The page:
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Dizzy Gillespie All Star Band

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Jazz history is brought to life with the Dizzy Gillespie All-Star Big Band every time they take the stage.  Most of the band members are alumni from Gillespie's various ensembles, and now, they are living legends and among the most heralded jazz musicians of our time.  Instead of headlining, as these band members almost always do, the likes of James Moody, Jimmy Heath, Slide Hampton, Roy Hargrove, and more appear on stage together, mixing Gillespie's playful antics with the intensity of a cut-throat blowing session. Egos are thrown out the window in favor of carrying on the music of a man they all loved. You can't hear a big band like this anywhere else! Of the band, Seth Rogovoy wrote "You could not have asked for a better ensemble of players to take on the challenge of reconstructing the style, wit and excitement of a Gillespie performance."  History has produced its share of great artists and great people-John Birks "Dizzy" Gillespie was both. As a performer, he left behind an incredible record of innovation and inspiration. As a composer, a broad repository of musical masterpieces, and as a man, a legion of friends, colleagues and compatriots who remember him with the same degree of love and esteem they reserve for his work.    

 

For Dizzy Gillespie, playing in a small combo was never enough. His artistry compelled him to seek and to create larger ensembles because as a composer and arranger, a big band was the ultimate vehicle for self-expression. Given that the majority of his career took place after 1950 when the big band era was over, it's especially notable that Dizzy Gillespie continued to create brilliant music using the grand-scale formats of jazz big band and orchestra right up to the end of his life in 1993.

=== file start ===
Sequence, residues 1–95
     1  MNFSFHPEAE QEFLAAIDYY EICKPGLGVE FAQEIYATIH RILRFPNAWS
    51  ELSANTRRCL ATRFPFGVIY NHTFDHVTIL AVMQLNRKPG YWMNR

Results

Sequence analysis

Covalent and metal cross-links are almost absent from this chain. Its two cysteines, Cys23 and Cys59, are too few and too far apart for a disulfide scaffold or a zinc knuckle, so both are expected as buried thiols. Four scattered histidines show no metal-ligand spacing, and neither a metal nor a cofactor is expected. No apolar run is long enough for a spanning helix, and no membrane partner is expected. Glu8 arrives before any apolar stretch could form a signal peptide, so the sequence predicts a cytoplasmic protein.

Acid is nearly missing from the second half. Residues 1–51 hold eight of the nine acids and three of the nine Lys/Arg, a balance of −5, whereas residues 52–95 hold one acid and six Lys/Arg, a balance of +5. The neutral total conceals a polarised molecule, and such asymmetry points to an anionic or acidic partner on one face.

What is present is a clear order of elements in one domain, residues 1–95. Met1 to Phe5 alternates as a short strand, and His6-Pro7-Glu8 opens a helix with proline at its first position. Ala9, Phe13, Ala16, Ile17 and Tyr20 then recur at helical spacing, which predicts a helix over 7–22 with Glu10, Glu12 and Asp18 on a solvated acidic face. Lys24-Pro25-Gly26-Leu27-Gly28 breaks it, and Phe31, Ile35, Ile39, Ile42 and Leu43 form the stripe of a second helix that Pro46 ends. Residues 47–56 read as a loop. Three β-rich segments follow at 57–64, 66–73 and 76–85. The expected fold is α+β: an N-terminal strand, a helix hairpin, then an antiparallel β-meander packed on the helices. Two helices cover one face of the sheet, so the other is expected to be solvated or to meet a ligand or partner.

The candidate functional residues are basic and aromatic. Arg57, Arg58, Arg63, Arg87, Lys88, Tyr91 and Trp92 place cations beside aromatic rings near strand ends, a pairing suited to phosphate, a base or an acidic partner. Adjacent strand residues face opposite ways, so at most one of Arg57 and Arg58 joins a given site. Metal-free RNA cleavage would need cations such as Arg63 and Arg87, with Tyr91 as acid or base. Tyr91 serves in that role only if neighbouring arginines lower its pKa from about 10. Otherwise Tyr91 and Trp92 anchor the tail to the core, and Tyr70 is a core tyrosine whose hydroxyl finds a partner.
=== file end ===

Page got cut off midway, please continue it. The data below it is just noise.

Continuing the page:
The Dizzy Gillespie All-Star Big Band is the direct descendant of these ventures and happily, the tradition lives on. Nurtured by Gillespie alumni, musical director, trombonist, and award winning arranger Slide Hampton, and executive director, producer, and bassist John Lee.  The All-Star Big Band features some of Dizzy's closest compatriots: senior statesmen and NEA Jazz Masters, James Moody and Jimmy Heath, and veteran Gillespie alumni Roy Hargrove, Claudio Roditi, Cyrus Chestnut, and drummer extraordinaire Lewis Nash.     

 

The rest of the band features some of the fastest rising next generation talents in jazz today including saxophonists Antonio Hart, Mark Gross and Gary Smulyan. Trombonists Steve Davis, Jason Jackson and Mike Dease. Trumpet virtuosos Greg Gisbert and Frank Greene, and Grammy nominated vocal sensation Roberta Gambarini. All of them band leaders, educators, and recording artists in their own right. Trombone virtuoso and NEA Jazz Master Slide Hampton, who first played with Dizzy's big band in 1957, had a long association and friendship with Dizzy.  Together with NEA Jazz Master Paquito D`Rivera (who's often a special guest with the bands) Slide served as co-musical director of Dizzy's Grammy Award winning band the United Nation Orchestra.     

 

Similarly, executive director John Lee had a close association with Dizzy, serving as his bassist for the last decade of Dizzy's life, in his small groups as well as the United Nation Orchestra and the 70th Anniversary Big Band. Lee also originated and continues to oversee and direct "Dizzy: The Man and The Music," the official concert and clinic program celebrating the life and work of the incomparable John Birks "Dizzy" Gillespie.  The Dizzy Gillespie All-Stars Big Band's musical home would have to be New York's famed Blue Note Jazz Club, which was for many years Dizzy's favorite jazz club not only in New York City but also in the world.  

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